LINDA DUHAIME, Employee/Appellant, v. INDEPENDENT SCH. DIST. #709/DULUTH and LIBERTY MUT. INS. COS., Employer-Insurer/Cross-Appellants, and BLUE CROSS/BLUE SHIELD OF MINN., Intervenor.
WORKERS= COMPENSATION COURT OF APPEALS
AUGUST 30, 2002
CAUSATION - SUBSTANTIAL EVIDENCE; MEDICAL TREATMENT & EXPENSE - REASONABLE & NECESSARY. Where there was expert medical support for the employee=s claim that her respiratory and other symptoms were caused by allergens in her work environment, the compensation judge=s conclusion that the employee sustained a temporary work injury and was entitled to payment of related medical expenses was not clearly erroneous and unsupported by substantial evidence, even absent identification of the specific allergen that was causing the employee=s reaction.
TEMPORARY BENEFITS; PRACTICE & PROCEDURE - REMAND. Where there was substantial evidence to support the compensation judge=s conclusion that the employee had sustained a temporary injury in the form of an allergic reaction to her work environment, but where the judge had neither ordered nor denied either temporary partial or temporary total disability benefits for the period of claimed disability related to that temporary injury, the matter was remanded to the compensation judge for a determination as to whether the employee was entitled to temporary benefits and, if so, whether that entitlement was to temporary total or to temporary partial disability benefits.
Affirmed in part and remanded.
Determined by Pederson, J., Wilson, J., and Johnson, C.J.
Compensation Judge: Carol A. Eckersen.
WILLIAM R. PEDERSON, Judge
The employee appeals from the compensation judge=s determination that her work-related allergic reaction ended on June 3, 1999, and from the judge=s failure to award temporary total or temporary partial disability benefits during the period of that temporary injury. The employer and insurer cross appeal from the judge=s finding of a temporary injury lasting from November 5, 1998, through June 3, 1999, and from the award of related medical expenses. We affirm the judge=s finding of a temporary work injury and the award of related medical expenses through June 3, 1999, and we remand to the judge for determination the issue of the claimed temporary total and temporary partial disability benefits.
Linda Duhaime [the employee] is a school social worker, employed by the Duluth school system, Independent School District #709 [the employer]. She began working for the employer in 1993 and was assigned to the East High School. On November 5, 1998, the employee submitted an injury report to her employer, in which she related a number of symptoms to her work environment, including headaches, sore throat, a tight feeling in her chest, and flushed and red cheeks. On that date, the employee was fifty years old and was earning a weekly wage of $915.37.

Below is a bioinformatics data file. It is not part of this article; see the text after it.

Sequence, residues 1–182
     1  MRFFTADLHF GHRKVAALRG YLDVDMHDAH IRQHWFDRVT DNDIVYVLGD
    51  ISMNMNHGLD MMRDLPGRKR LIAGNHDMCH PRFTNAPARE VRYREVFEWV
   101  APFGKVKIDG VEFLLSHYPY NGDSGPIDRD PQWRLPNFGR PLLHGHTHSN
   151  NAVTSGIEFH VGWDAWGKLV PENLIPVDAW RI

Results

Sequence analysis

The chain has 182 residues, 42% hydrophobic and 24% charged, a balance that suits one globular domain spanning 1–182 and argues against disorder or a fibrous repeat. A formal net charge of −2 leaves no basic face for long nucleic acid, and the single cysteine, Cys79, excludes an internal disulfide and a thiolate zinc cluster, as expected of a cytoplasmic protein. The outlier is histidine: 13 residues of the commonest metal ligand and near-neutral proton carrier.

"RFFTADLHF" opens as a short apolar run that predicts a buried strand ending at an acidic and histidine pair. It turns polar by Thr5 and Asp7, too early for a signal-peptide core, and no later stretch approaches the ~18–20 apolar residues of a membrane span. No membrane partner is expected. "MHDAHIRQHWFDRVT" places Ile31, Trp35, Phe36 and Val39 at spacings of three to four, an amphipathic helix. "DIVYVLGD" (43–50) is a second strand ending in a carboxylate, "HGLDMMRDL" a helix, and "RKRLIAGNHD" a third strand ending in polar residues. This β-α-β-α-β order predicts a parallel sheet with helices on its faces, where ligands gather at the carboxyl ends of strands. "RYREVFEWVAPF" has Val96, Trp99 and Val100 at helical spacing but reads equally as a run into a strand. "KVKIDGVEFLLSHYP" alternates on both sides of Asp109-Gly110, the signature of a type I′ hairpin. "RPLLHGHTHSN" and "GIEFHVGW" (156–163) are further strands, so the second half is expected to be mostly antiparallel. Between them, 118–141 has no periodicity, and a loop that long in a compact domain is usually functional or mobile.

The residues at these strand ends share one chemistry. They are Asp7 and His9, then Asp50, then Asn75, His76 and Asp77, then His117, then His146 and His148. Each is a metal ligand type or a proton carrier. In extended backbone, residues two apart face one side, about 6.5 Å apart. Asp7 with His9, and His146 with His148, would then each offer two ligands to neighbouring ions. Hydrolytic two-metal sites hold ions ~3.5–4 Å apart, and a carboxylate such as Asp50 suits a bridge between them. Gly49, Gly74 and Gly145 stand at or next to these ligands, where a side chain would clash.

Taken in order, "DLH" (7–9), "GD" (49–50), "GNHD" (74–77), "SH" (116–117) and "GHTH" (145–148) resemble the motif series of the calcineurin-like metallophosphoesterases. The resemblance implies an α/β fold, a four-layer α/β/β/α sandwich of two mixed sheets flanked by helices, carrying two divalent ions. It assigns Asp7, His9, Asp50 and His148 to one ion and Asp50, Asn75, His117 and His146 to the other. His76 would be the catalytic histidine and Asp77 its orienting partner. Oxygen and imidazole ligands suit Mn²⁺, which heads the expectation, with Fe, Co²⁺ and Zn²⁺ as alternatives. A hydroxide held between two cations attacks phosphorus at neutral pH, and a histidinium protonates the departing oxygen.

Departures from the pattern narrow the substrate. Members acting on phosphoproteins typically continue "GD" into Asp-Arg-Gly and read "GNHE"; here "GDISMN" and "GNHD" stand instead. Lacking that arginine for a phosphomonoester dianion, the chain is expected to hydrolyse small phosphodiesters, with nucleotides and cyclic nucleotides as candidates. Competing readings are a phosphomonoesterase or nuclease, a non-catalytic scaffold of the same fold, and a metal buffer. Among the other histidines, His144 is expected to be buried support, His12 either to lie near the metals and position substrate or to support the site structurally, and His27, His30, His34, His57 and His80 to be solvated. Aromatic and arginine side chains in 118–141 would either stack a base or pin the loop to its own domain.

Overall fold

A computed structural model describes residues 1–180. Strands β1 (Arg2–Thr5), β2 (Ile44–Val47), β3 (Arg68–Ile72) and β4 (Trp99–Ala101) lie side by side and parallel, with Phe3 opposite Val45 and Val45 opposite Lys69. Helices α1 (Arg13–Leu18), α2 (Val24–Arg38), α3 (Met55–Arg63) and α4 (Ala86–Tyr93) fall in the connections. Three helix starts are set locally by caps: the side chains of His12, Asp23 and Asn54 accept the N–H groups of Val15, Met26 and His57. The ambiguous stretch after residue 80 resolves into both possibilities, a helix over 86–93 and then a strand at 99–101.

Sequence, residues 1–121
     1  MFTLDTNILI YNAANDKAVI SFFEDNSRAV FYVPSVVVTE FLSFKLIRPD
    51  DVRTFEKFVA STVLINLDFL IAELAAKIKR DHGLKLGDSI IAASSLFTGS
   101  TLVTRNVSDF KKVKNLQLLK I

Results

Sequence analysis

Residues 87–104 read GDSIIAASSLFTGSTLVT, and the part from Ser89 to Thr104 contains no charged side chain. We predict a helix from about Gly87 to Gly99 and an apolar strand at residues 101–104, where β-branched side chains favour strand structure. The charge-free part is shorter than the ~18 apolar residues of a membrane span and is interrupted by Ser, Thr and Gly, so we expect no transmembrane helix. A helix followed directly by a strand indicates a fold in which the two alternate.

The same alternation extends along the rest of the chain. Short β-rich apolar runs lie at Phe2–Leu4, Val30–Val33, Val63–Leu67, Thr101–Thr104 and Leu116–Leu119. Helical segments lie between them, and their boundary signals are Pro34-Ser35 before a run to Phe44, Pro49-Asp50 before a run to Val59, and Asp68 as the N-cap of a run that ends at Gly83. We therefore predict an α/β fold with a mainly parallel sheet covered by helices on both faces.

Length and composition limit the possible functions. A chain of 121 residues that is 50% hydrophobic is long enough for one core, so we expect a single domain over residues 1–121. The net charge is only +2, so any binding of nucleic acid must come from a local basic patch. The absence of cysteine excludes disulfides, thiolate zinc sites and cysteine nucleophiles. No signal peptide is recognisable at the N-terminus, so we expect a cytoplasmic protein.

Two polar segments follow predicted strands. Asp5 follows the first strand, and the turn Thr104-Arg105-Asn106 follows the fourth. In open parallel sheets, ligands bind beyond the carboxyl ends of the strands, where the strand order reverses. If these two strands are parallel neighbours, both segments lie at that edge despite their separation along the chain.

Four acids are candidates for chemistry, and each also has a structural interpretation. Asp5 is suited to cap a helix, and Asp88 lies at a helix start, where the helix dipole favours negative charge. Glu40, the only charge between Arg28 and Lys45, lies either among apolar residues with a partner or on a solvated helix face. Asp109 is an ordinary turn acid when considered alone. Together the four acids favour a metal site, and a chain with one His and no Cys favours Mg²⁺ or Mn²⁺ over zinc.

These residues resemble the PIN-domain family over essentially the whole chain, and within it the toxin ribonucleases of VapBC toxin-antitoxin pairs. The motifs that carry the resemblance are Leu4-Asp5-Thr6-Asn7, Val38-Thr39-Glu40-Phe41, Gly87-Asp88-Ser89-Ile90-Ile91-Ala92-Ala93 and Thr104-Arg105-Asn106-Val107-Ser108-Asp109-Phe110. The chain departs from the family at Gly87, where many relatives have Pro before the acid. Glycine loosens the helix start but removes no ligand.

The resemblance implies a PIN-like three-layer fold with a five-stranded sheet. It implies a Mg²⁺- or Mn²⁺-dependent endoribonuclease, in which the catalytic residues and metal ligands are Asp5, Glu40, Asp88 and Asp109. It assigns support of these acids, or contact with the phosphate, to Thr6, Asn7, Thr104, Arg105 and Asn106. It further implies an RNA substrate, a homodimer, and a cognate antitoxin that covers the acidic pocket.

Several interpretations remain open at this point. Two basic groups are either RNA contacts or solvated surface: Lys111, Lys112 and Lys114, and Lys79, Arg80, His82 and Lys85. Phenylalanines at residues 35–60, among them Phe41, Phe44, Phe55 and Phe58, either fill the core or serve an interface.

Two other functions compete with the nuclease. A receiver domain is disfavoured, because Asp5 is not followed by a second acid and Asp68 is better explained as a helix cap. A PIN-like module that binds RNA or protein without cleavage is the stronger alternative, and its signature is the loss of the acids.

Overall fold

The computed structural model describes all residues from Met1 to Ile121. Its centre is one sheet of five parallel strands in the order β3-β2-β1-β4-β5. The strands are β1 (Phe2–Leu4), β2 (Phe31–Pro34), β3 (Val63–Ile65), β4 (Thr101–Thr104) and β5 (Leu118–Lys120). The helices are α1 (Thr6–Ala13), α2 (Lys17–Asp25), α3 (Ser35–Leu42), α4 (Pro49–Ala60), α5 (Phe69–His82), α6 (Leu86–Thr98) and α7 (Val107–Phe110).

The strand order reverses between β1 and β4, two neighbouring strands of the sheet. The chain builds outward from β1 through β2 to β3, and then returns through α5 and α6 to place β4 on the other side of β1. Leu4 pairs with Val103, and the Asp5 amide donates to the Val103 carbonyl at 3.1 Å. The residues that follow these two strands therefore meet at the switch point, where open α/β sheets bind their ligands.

On November 9, 1998, the employee sought medical treatment with Dr. Alan Peterson, M.D., at the St. Mary=s Medical Center, to whom she presented a history of work-related allergy symptoms. She reported to Dr. Peterson that her room at the high school had poor ventilation and that, whenever there was painting being done in the building, she would develop symptoms of a red face, with a burning sensation and some swelling, a stuffy nose, headache, sore throat, and chest tightness. She stated that her symptoms had begun the preceding Friday, had improved over the weekend, and then had significantly worsened again upon her returning to work that Monday. Dr. Peterson diagnosed an A[a]llergic reaction which is most likely work related@ and prescribed Claritin, an antihistamine.
Two days later, the employee was seen at the Duluth Clinic by nurse practitioner Terry Granlund, who advised the employee to work away from strong organic vapors. Dr. Jed Downs, also of the Duluth Clinic, reviewed the employee=s chart and noted that he had previously seen the employee in May 1997, at which time she was reacting to odors associated with tarring the roof. His impression in 1997 had been possible chemical irritation of her mucus membranes. As to her current complaints, Dr. Downs stated that he could Asupport her being moved to a different office setting with improved indoor air quality but [could not] give her a specific diagnosis . . . beyond hypersensitivity to organic vapors.@ He referred the employee to allergist Dr. Jay Parker.
The employee saw Dr. Parker for an allergy evaluation on November 17, 1998. Selective skin testing was performed, and findings were reported to be negative. Dr. Parker explained to the employee, however, that she might be reacting to things that he could not test for, such as other irritants in the air. He recommended that she ask her employer for a different place to work.